When not under lockdown, London offers plenty of choices. Clubs, theatre plays, shows, exhibitions, parties and restaurants abound. At the time of writing, we are still under lockdown. Some restrictions are slowly easing, but Londoners are still facing severe limitations to weekend activities. In other words, the time is perfect for exploring one’s local area. I have been busy exploring the Parkland Walk in my North London neighbourhood.

Along the Parkland Walk in Haringey

Parkland Walk North

The walk follows former train tracks between the North London neighbourhoods of Finsbury Park and Alexandra Palace. Although green and leafy, it is distinctively urban with graffiti art along the way and distant views of central London. If starting off or finishing the walk around Alexandra Park, it is worth exploring the park and the building itself. The park is located on flat and hilly ground and offers wide-stretching views over the city. Alexandra Palace – or Ally Pally as it’s affectionally known – is also home to an indoor ice-rink, a boating lake with swan-shaped pedal boats, a cricket ground, a garden centre, a rose garden and a high-rope climbing centre.

Funemployed graffiti

Beyond Alexandra Palace, the northern part of the Parkland Walk bypasses the neighbourhood of Muswell Hill and continues to the ancient woods of Highgate and Queenswood. It’s a short stretch, but again you will be spoilt for attractive views of central London. In the spring and summer, the path is flanked by lush green and dotted with bluebells. In the times of Corona, local is the new exotic, so why not imagine yourself wandering in the Alps or Andes…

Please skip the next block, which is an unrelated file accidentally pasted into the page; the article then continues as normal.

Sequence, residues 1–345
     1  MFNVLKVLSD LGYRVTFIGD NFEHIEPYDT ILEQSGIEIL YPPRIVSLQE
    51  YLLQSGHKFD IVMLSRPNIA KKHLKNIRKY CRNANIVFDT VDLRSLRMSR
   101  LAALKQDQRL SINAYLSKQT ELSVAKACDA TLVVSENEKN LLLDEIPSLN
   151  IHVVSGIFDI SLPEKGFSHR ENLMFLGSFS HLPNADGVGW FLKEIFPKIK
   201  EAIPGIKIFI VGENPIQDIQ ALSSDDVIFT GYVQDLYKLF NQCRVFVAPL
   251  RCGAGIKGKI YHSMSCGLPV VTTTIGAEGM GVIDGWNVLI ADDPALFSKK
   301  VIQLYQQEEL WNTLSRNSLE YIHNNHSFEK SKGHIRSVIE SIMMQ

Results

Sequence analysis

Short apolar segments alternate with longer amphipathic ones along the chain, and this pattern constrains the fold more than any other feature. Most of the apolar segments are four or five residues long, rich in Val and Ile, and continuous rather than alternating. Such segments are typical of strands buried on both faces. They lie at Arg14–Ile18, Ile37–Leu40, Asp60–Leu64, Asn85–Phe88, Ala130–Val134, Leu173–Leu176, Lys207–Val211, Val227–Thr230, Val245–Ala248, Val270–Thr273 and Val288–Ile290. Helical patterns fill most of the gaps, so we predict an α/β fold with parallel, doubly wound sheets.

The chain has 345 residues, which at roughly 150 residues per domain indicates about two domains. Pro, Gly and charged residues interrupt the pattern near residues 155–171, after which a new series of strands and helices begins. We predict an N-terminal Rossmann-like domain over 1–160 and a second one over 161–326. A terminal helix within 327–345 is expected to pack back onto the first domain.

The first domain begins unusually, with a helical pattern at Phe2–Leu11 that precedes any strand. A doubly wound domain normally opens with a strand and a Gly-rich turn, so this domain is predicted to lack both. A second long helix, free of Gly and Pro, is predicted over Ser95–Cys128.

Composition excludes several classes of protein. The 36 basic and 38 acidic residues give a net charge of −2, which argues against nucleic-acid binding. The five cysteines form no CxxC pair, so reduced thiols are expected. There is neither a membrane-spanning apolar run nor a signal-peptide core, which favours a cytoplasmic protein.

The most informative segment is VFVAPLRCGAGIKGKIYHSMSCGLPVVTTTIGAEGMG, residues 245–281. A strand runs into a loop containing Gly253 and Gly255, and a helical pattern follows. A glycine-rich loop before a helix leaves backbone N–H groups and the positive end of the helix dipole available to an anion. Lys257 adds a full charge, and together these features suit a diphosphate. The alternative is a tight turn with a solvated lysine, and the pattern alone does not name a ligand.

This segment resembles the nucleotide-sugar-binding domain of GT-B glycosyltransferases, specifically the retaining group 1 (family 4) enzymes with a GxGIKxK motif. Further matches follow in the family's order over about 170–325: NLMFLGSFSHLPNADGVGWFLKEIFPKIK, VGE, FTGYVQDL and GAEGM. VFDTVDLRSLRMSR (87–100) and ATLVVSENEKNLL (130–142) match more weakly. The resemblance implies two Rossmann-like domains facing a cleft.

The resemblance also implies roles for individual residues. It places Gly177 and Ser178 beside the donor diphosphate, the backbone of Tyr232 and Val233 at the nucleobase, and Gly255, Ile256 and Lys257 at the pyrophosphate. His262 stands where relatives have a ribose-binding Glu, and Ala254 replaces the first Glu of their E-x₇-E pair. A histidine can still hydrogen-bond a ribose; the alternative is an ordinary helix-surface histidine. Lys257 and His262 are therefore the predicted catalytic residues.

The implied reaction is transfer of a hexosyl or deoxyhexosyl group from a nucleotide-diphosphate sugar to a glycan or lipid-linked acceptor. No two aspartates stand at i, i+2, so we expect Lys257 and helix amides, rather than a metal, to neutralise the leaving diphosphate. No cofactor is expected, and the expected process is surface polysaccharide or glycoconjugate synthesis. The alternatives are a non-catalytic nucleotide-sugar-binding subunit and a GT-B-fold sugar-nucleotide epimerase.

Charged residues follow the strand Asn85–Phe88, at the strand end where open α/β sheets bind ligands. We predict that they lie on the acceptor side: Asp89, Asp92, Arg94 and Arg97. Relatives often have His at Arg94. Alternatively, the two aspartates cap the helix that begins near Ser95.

Bluebells in Parkland Walk North

Parkland Walk South

After emerging from the woods, the path becomes the Parkland Walk South and continues along Crouch End, another village-like neighbourhood. Like Muswell Hill, Crouch End is not part of the tube network and therefore unlikely to become a tourist destination. There are no obvious landmarks to admire, but instead some quirky details off the beaten track. Since the walk runs along disused railway tracks, you will come across old and blocked tunnels offering a sanctuary to the city’s bats. London is not short of wildlife! Walking past abandoned and overgrown platforms, the visitor will also stumble on some striking art along the way.

The Spriggan
Lurking in the alcove – the Spriggan

Approaching Finsbury Park

What makes the walk varied and attractive is its positioning in the urban landscape. It cuts through residential neighbourhoods and emerges in unexpected places. In the image below, the Parkland Walk overlooks the road below and active railway tracks a further level down. The result is a layer cake of three different levels

Three levels

The scientifically minded and budding botanists may stop along the way and spend some time looking at the acid grassland. It is signposted and an information board provides some interesting facts about this phenomenon. Acid grasslands develop in soil with low nutrients and provide a habitat to some rare plants and insects such as bees, butterflies and ants.

The Parkland Walk can be explored in its whole entirety or in smaller chunks. There are plenty of exits along the way and nearby pubs and cafés to enjoy a break. My favourite pub at the end of the walk is the rugby-themed Faltering Fullback near Finsbury Park. The last time I visited was in early January before the outbreak of the pandemic. Its best feature is a warren of little nooks and crannies in the outdoor space. I look forward to sampling some Thai food and a delicious pint of IPA once normality returns. In the meantime, there is always the walk and I’m lucky to have it on my doorstep.

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